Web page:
Energy must get denser, not more rarefied. There is no escape from this. But it’s actually good news.

#56 SOMETHINGS UP!! on 10.25.20 at 7:25 am

Much of the global population is SUFFERING.
While 1% enjoy 99% of the world’s richess.

For far too long our system has been controlled by a few.
The DENCENTRALIZED finance system is in the making.

This will allow for everyone to enjoy the world’s richess.
Change is coming like a steamroller down the tracks.

….and it can’t be ignored anymore.

#57 Conservative Populationist on 10.25.20 at 7:42 am

Toronto in 10 years. Do you want Canada to become another -stan country?:
https://www.reddit.com/r/overpopulation/comments/ib83ho/i_know_it_mustve_been_normal_for_them_but_i_cant/

#58 tkid on 10.25.20 at 8:00 am

Why do you believe the current recession is almost over? From what I can see, it has just started.

#59 maxx on 10.25.20 at 8:02 am

@ #25

Wishful thinking. Debt can be recovered. Squeeze slowly at first and those who wish to hang onto their “assets” will find ways to tighten the old belt.

Far too many think they can get something for nothing and the days of reckoning will arrive – sooner or later, but they will arrive.

Having said that, TPTB’s motives for cheap money can easily be impugned.

That’s what maintains this chronic global economic mess.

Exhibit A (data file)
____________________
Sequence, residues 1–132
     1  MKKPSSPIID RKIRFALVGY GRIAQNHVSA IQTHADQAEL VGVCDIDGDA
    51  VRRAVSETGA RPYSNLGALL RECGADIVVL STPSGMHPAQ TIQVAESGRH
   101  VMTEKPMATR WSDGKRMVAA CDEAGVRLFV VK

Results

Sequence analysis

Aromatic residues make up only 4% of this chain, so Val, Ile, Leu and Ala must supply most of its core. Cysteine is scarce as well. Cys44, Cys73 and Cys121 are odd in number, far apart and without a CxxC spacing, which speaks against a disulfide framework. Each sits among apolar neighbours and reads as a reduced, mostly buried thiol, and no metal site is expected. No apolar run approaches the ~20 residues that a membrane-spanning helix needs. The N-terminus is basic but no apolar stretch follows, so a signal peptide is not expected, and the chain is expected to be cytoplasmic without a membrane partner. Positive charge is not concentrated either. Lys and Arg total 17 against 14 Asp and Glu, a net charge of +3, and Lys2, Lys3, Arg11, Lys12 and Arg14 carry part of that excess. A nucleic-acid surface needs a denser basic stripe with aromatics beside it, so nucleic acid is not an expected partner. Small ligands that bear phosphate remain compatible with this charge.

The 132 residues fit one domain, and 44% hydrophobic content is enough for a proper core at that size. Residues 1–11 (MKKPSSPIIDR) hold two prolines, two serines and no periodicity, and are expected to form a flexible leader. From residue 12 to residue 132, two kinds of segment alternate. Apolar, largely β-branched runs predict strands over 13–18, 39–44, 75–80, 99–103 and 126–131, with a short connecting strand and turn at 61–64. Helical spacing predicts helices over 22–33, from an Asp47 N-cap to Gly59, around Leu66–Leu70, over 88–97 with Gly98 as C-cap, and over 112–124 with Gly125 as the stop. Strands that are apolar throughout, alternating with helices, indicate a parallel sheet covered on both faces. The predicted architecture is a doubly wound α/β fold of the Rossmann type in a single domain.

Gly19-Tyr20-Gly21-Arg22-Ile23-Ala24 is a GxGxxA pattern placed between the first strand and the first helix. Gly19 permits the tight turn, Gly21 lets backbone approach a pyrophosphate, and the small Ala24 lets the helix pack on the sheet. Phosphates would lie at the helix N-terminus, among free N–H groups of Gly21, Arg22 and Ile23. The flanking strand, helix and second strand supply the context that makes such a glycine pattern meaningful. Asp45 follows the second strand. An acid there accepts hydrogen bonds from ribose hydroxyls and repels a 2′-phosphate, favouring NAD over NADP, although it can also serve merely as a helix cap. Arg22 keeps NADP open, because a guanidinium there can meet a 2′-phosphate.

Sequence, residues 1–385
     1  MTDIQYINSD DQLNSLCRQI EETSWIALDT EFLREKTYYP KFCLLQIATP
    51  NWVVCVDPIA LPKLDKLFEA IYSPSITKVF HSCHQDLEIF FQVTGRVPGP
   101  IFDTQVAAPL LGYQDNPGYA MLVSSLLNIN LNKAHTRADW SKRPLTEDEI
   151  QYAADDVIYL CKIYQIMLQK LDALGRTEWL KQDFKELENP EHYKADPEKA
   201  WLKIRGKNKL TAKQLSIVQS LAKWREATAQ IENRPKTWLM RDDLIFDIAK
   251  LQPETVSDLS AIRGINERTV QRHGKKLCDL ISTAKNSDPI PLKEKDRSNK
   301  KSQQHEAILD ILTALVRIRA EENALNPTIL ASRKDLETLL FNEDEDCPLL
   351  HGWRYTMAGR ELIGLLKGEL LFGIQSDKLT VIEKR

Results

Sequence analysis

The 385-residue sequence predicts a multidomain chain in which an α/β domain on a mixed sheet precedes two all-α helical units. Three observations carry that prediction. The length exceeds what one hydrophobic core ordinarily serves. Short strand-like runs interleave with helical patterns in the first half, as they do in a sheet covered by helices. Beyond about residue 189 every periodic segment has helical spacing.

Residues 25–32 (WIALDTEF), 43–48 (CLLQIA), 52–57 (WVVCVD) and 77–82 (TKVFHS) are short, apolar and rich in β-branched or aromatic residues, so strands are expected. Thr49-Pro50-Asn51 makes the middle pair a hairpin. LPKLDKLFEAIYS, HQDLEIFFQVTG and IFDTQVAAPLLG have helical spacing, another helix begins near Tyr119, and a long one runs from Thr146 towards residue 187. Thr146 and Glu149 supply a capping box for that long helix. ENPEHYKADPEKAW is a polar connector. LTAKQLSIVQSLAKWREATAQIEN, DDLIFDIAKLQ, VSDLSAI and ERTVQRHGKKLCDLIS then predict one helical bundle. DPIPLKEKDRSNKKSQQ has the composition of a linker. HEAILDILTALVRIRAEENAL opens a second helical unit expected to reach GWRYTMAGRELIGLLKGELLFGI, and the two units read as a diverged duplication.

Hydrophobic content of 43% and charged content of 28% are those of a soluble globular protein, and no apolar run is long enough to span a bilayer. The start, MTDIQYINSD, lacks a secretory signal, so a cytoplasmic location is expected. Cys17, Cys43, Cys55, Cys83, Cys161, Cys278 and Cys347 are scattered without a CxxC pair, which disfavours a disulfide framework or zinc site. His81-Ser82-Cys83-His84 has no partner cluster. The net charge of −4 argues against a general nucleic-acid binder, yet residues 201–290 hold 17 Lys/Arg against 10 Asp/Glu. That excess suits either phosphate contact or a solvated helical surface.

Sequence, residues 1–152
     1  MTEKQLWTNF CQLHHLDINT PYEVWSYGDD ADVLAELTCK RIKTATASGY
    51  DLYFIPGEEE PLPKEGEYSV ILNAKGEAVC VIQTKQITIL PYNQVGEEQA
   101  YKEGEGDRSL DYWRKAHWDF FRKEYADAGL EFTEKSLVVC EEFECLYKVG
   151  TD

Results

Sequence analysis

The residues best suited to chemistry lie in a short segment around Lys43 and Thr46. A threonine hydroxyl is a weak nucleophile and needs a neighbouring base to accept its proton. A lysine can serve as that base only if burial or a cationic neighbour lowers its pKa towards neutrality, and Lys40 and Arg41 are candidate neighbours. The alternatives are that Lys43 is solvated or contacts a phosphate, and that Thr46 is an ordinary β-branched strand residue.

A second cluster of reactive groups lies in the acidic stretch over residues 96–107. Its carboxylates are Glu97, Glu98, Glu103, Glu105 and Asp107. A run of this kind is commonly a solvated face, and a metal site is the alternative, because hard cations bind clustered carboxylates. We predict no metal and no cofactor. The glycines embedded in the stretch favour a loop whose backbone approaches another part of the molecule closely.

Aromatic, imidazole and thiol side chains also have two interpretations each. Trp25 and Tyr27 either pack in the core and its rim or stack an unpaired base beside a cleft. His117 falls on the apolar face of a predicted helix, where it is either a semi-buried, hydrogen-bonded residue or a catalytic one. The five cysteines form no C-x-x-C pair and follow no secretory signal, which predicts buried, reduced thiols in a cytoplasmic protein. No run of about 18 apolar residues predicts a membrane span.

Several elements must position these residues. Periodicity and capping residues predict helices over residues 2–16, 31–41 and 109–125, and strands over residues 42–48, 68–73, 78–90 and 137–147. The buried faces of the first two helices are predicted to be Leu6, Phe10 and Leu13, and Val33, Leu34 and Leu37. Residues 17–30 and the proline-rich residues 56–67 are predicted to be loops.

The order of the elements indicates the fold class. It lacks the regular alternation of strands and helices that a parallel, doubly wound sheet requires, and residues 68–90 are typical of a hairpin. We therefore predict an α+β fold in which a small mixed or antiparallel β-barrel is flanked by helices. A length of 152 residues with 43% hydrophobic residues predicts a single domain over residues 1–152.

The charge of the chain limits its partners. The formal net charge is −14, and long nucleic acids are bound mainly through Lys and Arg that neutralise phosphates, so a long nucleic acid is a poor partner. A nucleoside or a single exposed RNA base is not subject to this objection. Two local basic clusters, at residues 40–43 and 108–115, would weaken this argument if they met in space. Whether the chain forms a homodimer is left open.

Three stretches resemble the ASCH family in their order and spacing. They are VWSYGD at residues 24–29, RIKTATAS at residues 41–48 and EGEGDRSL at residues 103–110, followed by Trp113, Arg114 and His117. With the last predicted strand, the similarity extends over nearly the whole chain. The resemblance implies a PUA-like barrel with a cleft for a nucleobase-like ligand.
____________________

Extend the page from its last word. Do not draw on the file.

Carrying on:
“A chicken in every pot” has morphed into “a house (or two….) for every debtor”.

Profligate borrowing and spending should never be rewarded: most especially with the laughable idea of debt “forgiveness”.

#60 Phylis on 10.25.20 at 9:11 am

54 Nonplused on 10.25.20 at 3:57 am
#42 Dr V on 10.24.20 at 8:42 pm
“When I was a kid, I had friends who were still on “party lines”, if any of you can remember what those were.”

Yes I can! And the phone had a round thing you put your finger in!!

———————–

What’s strange about it in retrospect is that back then we didn’t realise we needed Facebook in our pocket.

I can’t remember what I used to do before Netflix but I think it involved dirt bikes, camping, and fishing. And skiing. And soccer twice a week so thus I wasn’t so fat and out of shape. Our version of Facebook was beers with the team after the game. Is this progress?

Maybe we would be better off with rotary phones.

——————
it was fun to talk over the busy signal too, the original chat room.

#61 Dharma Bum on 10.25.20 at 9:39 am

Speaking of cycles…

In the magical kingdom of Trudeauland, we will all shortly be experiencing the RINSE cycle, to be followed by the SPIN cycle.

Hang on to your wallets, suckers!

#62 gfd on 10.25.20 at 9:41 am

https://financialpost.com/moneywise/mortgage-rates-may-rise-as-bank-of-canada-ends-emergency-pandemic-rogram